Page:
A Journey Into the Silver Peak Range
June 2013 by Bill RichThe Gold Rush in California called hundreds of thousands of souls to leave their homes to journey to the the far reaches of the West. At first the rich goldfields of the Sierra Nevada beckoned to these adventurous pioneers.
Arizona is well-known for its copper-gold porphyries and massive base metal-gold sulfide deposits such that primary gold deposits in the state are often overshadowed.
I couldn’t wait to get started. With no field budget, an assay budget of $100/year, a 1975-Ford Bronco that was a road hazard, a gas card, a topo map and full support of the director, I headed to the State Line district near Tie Siding along US Highway 287 to begin mapping kimberlite.
How rich does a hard rock ore have to be for it to be worthwhile to process and extract the gold?
Three homonyms come to mind when I think of gemstones, gold and vegetables: carrot, carat and karat. Let’s look at carrot first.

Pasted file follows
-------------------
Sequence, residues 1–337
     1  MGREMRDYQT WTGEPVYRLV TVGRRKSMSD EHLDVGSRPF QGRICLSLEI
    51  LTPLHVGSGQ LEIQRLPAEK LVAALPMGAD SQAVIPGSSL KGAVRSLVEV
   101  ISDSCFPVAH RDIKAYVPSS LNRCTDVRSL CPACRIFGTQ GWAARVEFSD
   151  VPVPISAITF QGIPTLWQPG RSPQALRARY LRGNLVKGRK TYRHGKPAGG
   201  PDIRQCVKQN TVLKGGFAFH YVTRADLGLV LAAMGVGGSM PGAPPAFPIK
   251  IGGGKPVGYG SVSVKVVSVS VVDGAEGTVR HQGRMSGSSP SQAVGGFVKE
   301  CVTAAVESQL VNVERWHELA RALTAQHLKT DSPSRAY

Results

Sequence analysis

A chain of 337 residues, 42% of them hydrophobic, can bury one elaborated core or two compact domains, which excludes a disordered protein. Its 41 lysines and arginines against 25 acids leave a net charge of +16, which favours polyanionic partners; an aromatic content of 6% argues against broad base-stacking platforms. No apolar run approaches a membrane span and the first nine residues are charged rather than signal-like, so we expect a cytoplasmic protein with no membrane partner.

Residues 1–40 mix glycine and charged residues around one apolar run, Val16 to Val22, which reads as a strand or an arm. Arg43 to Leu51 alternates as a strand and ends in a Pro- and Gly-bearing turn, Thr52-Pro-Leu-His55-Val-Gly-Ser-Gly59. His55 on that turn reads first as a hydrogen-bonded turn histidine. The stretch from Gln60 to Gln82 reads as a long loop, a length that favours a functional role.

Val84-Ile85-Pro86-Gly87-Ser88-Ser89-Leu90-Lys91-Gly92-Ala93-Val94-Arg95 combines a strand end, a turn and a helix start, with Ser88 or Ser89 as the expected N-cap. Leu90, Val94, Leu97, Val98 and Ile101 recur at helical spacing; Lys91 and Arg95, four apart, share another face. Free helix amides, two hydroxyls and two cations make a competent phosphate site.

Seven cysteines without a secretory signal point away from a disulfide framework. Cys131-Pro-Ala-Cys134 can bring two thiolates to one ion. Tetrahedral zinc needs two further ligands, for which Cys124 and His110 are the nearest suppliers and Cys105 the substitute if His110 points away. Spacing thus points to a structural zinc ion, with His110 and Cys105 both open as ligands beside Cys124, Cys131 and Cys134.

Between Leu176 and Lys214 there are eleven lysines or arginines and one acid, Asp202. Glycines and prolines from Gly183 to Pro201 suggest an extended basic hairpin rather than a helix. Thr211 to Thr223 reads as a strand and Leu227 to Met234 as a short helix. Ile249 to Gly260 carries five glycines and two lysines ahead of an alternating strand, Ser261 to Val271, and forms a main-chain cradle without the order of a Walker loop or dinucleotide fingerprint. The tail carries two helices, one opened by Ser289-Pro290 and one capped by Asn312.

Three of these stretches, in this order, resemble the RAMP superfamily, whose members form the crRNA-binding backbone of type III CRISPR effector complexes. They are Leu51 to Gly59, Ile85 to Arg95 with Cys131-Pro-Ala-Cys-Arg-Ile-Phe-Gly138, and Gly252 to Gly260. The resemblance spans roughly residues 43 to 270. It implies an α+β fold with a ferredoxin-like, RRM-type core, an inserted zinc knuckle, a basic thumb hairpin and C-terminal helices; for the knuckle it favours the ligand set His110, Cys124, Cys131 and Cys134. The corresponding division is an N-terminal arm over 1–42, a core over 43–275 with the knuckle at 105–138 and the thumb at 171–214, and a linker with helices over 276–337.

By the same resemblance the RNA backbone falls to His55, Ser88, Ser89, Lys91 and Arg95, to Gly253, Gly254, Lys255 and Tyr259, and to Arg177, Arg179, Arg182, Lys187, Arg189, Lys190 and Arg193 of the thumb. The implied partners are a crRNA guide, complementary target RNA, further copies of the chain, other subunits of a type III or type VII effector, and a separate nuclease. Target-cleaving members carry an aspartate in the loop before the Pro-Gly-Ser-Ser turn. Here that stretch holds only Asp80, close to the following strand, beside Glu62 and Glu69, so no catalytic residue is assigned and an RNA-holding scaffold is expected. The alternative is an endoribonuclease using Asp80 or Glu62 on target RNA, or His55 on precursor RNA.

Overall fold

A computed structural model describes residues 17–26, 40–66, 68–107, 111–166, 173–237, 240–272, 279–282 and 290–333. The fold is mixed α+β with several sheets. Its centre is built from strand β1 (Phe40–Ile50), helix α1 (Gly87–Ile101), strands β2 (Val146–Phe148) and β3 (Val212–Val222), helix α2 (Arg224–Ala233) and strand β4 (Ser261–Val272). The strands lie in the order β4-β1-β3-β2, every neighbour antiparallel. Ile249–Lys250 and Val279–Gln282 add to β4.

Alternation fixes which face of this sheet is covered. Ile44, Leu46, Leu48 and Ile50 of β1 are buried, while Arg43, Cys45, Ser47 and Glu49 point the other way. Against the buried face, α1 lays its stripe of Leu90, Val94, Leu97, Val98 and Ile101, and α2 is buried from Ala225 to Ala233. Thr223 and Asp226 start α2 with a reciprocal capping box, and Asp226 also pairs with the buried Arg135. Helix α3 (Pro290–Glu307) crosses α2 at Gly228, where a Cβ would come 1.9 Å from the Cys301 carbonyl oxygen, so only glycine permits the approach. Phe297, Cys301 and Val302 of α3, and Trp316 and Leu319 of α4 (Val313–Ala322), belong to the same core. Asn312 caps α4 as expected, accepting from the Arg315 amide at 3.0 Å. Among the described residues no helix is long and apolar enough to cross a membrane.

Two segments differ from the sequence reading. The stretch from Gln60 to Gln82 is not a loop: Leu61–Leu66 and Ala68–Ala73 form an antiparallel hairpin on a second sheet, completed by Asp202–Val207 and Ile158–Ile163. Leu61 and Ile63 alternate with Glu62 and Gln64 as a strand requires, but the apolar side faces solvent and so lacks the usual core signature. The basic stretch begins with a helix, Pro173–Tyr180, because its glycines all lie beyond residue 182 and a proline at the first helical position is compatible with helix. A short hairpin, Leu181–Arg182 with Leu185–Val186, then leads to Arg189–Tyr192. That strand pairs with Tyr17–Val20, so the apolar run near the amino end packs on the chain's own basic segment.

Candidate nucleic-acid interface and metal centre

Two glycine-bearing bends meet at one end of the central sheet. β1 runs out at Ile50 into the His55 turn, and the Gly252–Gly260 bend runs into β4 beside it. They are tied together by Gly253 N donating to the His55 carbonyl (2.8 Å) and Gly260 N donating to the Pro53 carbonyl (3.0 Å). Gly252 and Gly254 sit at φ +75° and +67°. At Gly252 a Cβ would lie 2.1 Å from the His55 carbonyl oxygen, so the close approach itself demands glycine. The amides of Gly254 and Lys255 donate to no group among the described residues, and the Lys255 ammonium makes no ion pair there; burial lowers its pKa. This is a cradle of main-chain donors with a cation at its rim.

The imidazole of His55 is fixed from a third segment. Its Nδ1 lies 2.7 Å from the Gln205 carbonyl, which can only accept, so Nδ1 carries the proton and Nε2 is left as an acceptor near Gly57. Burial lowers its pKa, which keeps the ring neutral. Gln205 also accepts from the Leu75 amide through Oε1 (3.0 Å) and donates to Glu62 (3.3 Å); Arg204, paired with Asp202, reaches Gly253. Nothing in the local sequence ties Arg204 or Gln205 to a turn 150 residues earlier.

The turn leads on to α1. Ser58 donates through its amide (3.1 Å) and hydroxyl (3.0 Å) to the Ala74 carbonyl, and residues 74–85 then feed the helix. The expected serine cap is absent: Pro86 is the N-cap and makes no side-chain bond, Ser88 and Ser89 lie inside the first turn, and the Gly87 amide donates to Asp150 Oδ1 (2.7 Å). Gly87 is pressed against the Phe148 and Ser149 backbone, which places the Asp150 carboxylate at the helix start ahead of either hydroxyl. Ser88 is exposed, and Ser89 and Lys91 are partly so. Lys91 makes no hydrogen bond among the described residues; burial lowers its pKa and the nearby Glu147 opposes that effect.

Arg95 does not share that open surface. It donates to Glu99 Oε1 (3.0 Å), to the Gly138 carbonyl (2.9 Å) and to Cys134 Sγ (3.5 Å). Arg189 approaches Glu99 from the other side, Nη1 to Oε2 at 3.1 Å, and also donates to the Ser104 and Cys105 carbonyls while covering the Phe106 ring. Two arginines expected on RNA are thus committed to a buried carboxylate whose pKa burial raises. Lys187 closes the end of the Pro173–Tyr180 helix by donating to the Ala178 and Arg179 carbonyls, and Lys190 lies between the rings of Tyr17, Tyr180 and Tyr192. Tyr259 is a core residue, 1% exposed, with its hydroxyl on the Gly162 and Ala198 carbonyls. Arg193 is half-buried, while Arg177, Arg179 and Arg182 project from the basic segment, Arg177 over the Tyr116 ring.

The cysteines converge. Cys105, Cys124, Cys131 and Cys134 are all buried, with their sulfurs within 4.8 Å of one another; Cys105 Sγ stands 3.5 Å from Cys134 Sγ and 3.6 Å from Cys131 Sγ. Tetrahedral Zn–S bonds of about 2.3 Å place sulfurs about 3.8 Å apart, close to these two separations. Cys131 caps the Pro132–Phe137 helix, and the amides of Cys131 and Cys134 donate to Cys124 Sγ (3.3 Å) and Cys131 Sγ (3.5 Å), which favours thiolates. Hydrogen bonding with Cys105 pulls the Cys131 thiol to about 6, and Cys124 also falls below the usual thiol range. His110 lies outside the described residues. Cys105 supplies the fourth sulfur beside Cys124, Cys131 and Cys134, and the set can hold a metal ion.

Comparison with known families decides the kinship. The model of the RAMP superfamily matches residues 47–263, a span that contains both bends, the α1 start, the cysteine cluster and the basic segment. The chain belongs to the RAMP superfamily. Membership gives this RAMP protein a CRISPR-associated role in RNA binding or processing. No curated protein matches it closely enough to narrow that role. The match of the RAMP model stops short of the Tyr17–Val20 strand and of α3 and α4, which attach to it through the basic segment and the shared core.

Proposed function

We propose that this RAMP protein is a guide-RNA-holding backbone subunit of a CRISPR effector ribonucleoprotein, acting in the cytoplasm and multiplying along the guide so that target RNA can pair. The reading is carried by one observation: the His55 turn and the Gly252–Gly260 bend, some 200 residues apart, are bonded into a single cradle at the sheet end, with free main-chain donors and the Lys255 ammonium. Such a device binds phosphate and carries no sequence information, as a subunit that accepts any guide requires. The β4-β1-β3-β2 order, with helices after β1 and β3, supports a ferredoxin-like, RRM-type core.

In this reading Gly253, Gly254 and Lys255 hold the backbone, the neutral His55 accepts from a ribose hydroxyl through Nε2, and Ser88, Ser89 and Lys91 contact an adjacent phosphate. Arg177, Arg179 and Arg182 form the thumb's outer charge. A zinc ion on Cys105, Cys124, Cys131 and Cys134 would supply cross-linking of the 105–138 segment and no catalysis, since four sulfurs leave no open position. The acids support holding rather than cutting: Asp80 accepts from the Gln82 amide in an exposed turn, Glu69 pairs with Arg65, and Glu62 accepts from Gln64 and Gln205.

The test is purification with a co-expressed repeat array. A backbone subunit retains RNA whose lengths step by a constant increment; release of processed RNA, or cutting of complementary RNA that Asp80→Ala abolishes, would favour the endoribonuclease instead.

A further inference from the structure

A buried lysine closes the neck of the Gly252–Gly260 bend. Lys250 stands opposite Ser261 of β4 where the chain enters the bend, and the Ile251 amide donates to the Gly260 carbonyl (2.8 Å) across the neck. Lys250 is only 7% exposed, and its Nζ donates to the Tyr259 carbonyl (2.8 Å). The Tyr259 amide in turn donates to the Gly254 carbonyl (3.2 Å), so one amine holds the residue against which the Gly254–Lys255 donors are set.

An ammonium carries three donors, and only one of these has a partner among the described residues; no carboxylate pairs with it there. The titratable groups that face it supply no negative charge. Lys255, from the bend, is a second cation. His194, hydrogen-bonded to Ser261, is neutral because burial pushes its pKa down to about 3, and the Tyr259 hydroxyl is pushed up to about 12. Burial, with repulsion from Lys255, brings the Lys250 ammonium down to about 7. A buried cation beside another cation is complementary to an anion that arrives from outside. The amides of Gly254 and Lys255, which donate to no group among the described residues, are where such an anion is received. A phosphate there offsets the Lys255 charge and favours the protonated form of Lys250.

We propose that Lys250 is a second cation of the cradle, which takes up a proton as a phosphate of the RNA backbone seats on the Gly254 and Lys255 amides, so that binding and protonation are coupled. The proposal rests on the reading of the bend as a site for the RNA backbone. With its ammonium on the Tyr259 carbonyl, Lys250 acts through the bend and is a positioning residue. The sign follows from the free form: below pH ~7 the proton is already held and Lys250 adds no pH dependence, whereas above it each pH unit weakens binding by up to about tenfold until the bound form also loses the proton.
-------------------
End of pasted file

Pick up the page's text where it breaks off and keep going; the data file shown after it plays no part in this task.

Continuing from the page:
Geology is a science of general tendencies with frequent exceptions, not one of hard and fast rules that are always true and never vary. For almost every well-accepted rule of gold deposits, I can point you to a number of important exceptions.
I get a number of questions from people about testing and treating hard rock ores. The simplest way, but also an expensive one, is to just have an assay test done by an independent assay firm. As an alternative...
Many prospectors thought that Nevada was all prospected out following all the rich discoveries of the 1860s and 1870s, and what was there to be found had already been found.
The Bawl Mill • Breaking Rock the Old School Way • My Lucky Month of March • Gold Rush in the Congo—Part II • Ancient River Channels of Trinity County • Which Nugget Detector Should I Get? • Liberty and the Phoenix Mine • Confluence Placers • Spanish Gold Ledge Still Producing Gold • Nevada Mining Tax Cap Repeal Clears Committee • Melman on Gold & Silver • Mining Stock Quotes and Mineral & Metal Prices